• fishlessmanfishlessman Posts: 23,591
    any small weld shops/ iron work shops in the area. you could have a heavey hook like this made and make a removable spinning post to put it away. add a chain and add a hanging grid/ dutch oven/etc. i did this with an upside down tomato plant hanger this year, would easily hang a grid. all you would need extra is a stud driven into the ground that stays ther, a pipe that fits the stud and hook the right height thats removable. and one of those hanging type grids

    Image result for hanging plant hooks







  • fishlessmanfishlessman Posts: 23,591

    this hook design is nicer but more involved, easier to adjust pulling the chain

    Image result for fire pit grill


  • Carolina QCarolina Q Posts: 13,388
    I just watched the Billy Bob thing... me likey! I don't need one, but I like it a lot. Looks like I would like Montana too!

    I hate it when I go to the kitchen for food and all I find are ingredients!

                                                                …Unknown

    Michael 
    Central Connecticut 

  • northGAcocknorthGAcock Posts: 11,051
    I just watched the Billy Bob thing... me likey! I don't need one, but I like it a lot. Looks like I would like Montana too!
    No kidding right? Love the guys approach to life. Can't be all bad.
    Columbia, South Carolina with a Medium, MiniMax & a 17" Blackstone

    “Constantly choosing the lesser of two evils is still choosing evil.”
  • SciAggieSciAggie Posts: 3,668
    @northGAcock Go by your local high school Ag shop. I bet they will fabricate whatever you want for a minimal fee...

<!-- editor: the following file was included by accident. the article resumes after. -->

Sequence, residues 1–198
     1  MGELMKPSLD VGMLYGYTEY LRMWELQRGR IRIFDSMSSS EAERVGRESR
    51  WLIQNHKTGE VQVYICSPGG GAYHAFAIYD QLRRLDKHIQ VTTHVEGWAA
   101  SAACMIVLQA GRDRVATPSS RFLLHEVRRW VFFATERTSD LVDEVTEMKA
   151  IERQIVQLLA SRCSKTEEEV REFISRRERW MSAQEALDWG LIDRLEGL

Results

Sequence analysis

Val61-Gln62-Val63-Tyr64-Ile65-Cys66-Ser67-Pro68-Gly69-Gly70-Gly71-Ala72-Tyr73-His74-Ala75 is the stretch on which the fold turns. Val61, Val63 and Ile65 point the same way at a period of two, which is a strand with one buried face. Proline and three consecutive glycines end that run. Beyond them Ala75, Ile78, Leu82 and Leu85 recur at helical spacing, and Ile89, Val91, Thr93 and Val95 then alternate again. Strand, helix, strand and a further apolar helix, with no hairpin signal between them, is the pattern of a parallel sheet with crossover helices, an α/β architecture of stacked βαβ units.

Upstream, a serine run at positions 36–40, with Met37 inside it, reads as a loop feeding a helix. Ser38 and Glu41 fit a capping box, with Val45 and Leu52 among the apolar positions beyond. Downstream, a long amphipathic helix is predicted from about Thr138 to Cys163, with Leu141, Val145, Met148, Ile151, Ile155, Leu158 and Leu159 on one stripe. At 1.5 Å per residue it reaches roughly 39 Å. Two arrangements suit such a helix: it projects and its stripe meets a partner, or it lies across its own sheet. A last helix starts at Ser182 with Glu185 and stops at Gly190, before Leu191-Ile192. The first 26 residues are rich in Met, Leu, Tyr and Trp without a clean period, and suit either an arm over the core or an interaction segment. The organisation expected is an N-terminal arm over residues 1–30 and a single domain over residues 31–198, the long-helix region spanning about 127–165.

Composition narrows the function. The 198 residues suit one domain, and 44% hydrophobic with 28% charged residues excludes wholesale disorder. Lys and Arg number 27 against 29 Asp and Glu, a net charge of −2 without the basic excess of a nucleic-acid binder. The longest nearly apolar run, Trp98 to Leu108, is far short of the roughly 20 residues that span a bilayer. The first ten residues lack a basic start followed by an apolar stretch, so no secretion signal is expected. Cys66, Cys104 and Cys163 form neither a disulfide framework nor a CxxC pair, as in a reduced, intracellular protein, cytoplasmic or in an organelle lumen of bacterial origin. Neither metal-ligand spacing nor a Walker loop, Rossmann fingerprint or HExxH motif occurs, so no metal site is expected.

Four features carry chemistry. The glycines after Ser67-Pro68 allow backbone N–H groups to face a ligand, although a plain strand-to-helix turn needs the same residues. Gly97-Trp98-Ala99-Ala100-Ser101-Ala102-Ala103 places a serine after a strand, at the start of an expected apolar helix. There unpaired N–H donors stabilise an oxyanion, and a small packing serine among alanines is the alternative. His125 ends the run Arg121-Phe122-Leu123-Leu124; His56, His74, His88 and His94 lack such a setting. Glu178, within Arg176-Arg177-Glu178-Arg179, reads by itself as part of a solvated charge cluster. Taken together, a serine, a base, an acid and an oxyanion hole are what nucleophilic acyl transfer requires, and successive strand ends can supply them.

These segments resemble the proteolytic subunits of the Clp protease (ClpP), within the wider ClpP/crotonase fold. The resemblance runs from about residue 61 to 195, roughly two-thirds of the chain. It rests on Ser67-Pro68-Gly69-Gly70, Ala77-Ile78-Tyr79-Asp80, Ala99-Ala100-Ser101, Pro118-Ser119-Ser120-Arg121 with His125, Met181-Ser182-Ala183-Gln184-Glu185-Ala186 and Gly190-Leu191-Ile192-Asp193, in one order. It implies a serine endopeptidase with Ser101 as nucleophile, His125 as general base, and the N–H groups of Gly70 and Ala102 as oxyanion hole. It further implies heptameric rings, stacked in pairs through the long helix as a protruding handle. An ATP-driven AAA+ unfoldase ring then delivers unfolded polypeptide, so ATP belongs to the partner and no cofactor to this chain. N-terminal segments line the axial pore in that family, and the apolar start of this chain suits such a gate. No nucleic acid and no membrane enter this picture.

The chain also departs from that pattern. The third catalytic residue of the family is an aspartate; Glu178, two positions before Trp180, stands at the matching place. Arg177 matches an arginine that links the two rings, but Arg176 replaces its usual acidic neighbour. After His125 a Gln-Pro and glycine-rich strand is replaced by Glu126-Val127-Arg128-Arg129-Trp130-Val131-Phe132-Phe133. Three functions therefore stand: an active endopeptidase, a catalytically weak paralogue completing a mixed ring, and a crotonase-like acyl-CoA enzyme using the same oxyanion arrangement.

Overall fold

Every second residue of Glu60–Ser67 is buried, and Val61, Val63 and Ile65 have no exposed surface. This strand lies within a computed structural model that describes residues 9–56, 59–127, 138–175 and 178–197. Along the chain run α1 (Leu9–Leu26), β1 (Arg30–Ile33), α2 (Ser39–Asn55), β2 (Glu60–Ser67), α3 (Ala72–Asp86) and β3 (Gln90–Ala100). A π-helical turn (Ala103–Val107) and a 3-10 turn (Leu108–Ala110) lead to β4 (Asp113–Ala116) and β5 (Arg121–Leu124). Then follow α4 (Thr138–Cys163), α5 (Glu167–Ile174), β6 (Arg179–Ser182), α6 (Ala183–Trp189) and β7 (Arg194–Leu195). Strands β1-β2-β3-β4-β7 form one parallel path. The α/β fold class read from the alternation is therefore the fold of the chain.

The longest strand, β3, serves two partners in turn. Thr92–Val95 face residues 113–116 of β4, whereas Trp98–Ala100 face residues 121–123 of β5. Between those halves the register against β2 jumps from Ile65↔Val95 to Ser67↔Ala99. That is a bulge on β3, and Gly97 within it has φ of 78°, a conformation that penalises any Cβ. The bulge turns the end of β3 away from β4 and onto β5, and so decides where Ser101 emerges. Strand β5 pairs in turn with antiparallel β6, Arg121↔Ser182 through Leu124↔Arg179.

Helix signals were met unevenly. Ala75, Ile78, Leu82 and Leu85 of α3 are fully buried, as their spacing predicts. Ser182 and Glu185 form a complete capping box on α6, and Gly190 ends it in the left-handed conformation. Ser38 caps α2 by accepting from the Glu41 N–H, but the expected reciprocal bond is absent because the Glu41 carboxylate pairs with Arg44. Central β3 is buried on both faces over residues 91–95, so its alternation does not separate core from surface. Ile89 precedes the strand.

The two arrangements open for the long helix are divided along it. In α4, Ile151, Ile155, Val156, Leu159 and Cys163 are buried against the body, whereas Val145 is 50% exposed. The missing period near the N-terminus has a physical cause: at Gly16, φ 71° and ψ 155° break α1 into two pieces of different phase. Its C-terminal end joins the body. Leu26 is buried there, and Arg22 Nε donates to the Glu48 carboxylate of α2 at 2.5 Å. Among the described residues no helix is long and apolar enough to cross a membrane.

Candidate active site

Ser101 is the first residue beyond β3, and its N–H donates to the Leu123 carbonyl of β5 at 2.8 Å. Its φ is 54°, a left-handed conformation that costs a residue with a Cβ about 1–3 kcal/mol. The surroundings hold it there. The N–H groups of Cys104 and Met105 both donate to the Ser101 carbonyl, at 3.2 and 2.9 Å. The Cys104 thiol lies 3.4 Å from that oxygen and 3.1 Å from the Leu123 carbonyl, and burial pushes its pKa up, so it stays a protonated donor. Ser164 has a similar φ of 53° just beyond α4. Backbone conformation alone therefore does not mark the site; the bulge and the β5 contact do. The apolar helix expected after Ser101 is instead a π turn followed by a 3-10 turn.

Coleman, Texas
    Large BGE & Mini Max for the wok. A few old camp Dutch ovens and a wood fired oven.
    "Bourbon slushies. Sure you can cook on the BGE without them, but why would you?"
                                                                                                                          YukonRon
  • I have one similar to that one we use all of the time when we camp....works well.  The other campers in our group liked it so much that they bought one for themselves.   Lots better than the worn out grates at the individual campsites.  
    Cheers.
    LBGE  Campchef Pro 60 gasser with griddle & grill box .
  • Carolina QCarolina Q Posts: 13,388
    edited October 2017

    http://billybobcampfirecooking.com/FAQ.html



    ...I'm going to concrete the rod in the ground. 
    @Killit_and_Grillit, if you don't want the rod sticking up out of the ground all the time, why not drive an oversize black pipe into the ground (with or without concrete) and slip a loose cap over it when not in use. Remove cap, insert rod, cook.

    I hate it when I go to the kitchen for food and all I find are ingredients!

                                                                …Unknown

    Michael 
    Central Connecticut